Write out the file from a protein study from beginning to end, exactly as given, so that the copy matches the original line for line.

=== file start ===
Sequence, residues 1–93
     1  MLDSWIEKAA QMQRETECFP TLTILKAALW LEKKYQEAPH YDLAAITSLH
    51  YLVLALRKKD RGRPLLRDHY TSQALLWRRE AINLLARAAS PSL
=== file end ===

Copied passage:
Sequence, residues 1–93
     1  MLDSWIEKAA QMQRETECFP TLTILKAALW LEKKYQEAPH YDLAAITSLH
    51  YLVLALRKKD RGRPLLRDHY TSQALLWRRE AINLLARAAS PSL